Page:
PHOTOS: Brilliant Bolt blazes to Olympic 100m gold
Usain Bolt lived up to all the hype of becoming a "living legend" at the London Games, decisively defending his 100-metre title by beating Jamaican training partner Yohan Blake in the defining race of the Olympics.
He was slow out of the blocks but once his giant stride got going he was unbeatable once again, leaving Blake and 2004 Olympic champion Justin Gatlin in his wake with the second-fastest time in history.
"I knew it was going to be like this. There wasn't a doubt in my mind it was going to be like this," Bolt said.
Bolt set an Olympic record of 9.63 seconds, just .05 of a second outside his world mark.
Image: Usain Bolt of Jamaica crosses the finish line to win the gold medal in the men's 100m final
Photographs: Pascal Le Segretain/Getty Images
Yohan Blake won the silver
World champion Blake equaled his personal best with 9.75 and Gatlin took bronze in 9.79.
Unlike his showboating and coasting during a then world-record run at Beijing four years ago, Bolt was all business until near the finish on Sunday night, even leaning at the line.
That proved how seriously he took the challenge of his younger training partner, Blake.
Bolt ran on, then knelt and leaned his head downwards, kissing the track before standing and assuming his trademark "To The World" pose -- pointing both fingers in the air for the first time during the Olympics.
The crowd roared and later responded with chants of "Usain, Usain."
Blake celebrated with Bolt, the pair embracing in front of Jamaican fans in the jam-packed 80,000-seat stadium.
Image: Jamaica's Usain Bolt, left, celebrates winning gold alongside silver medallist Yohan Blake of Jamaica following the men's 100-metre final
Photographs: Sergey Ponomarev/AP
'I was slightly worried about my start'
Bolt has been troubled by a stuttering start since he was disqualified for a false start in the final of last year's world championship, which brought Blake to the fore.
In London, he proved that even with a slower kick out of the blocks, he still is in a class of his own.
"I was slightly worried about my start, I slipped a little in the blocks," he said. "I don't have the best reactions, but I secured it and that's the key.
"My coach told me to stop worrying about the start and concentrate on the end, because that's my best."
Image: Jamaica's Usain Bolt celebrates after winning the men's 100-metre final
Photographs: Marcio Jose Sanchez/AP
Richards-Ross takes women's 400m gold
Disappointment, tears and that oh-so-unsatisfying color -- bronze -- are all in the past for Sanya Richards-Ross. On this trip to the Olympics, she closed the deal.
Four years after a late fade left her crying and wearing the Olympic bronze medal, Richards-Ross won the 400-metre gold she always thought she should.
Nearly banging elbows with runners on both sides of her -- and with the defending champion making up ground on the outside -- Richards-Ross got stronger, not weaker, this time over the last 100 meters.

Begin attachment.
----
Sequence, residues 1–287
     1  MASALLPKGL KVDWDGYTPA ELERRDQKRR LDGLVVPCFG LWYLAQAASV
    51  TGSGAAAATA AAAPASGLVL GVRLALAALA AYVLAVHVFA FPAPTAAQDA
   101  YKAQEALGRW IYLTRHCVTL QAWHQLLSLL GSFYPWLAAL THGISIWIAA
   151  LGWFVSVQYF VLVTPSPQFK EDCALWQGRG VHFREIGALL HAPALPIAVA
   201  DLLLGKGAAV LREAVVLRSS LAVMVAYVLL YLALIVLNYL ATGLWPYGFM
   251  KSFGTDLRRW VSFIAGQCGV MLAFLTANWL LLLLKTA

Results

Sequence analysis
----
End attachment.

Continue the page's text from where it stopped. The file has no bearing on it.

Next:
Image: United States' Sanya Richards-Ross, front left, crosses the finish line to win gold in the women's 400-meter final
Photographs: David J. Phillip/AP
Ohuruogu of Britain finished second
She surged to the finish, won by about a body's length and punched her fist when she crossed the line in 49.55 seconds Sunday night to give the U.S. its first track and field gold medal of the London Olympics.
"I just kept saying, 'You can do this, you can do this," Richards-Ross said. "I just dug really deep and I'm very happy."
Defending champion Christine Ohuruogu of Britain finished second in 49.70 and American DeeDee Trotter, decked out in red, white and blue glitter on her face, won the bronze in 49.72. This moment, though, belonged to Richards-Ross.
At the end, she wrapped herself in the American flag and went to the stands to embrace her husband, Jacksonville Jaguars defensive back Aaron Ross, who took time off from NFL training camp to travel to London.
"You finally did it, you finally did it, babe," he told his wife. "Enjoy the moment."
Image: Christine Ohuruogu of Great Britain celebrates winning silver in the Women's 400m final
Photographs: Alexander Hassenstein/Getty Images
Kemboi wins Kenya's 1st track gold
Ezekiel Kemboi won Kenya's first gold medal in track and field at the London Olympics in the 3,000-metre steeplechase Sunday night, eight years after winning at the Athens Olympics.
The two-time world champion won his second Olympic title in 8 minutes, 18.56 seconds.
European champion Mahiedine Mekhissi-Benabbad of France took silver in 8:19.08 and African champion Abel Mutai of Kenya took bronze in 8:19.73.
Image: Silver medalist Mahiedine Mekhissi-Benabbad of France celebrates with gold medalist Ezekiel Kemboi of Kenya after the men's 3000m Steeplechase
Photographs: Stu Forster/Getty Images
Tripple jump glory for Rypakova
Olga Rypakova of Kazakhstan won the women's triple jump gold medal Sunday at the London Olympics.
The 2011 World Championship silver medalist took the lead with the third of her six attempts, setting a mark of 14.98 metres.
Caterine Ibarguen of Colombia, the 2011 world championship bronze medalist, momentarily held the lead in the third round, but needed a jump of 14.80 on her final attempt to get the silver medal.
Reigning world champion Olha Saladuha of Ukraine finished in third place with a jump of 14.79 on her last attempt.
Image: Kazakhstan's Olga Rypakova competes to win gold in the women's triple jump final
Photographs: David J. Phillip/AP
Hungary's Pars wins men's hammer throw
Krisztian Pars of Hungary won the Olympic gold medal in the men's hammer throw.
Pars, the leading hammer thrower in 2012, made the winning throw of 80.59 metres on the third of his six attempts.
Primoz Kozmus, the 2008 Olympic champion from Slovenia, took silver at 79.36 and Japanese veteran Koji Murofushi earned bronze at 78.71.
Image: Hungary's Krisztian Pars competes in the men's hammer throw final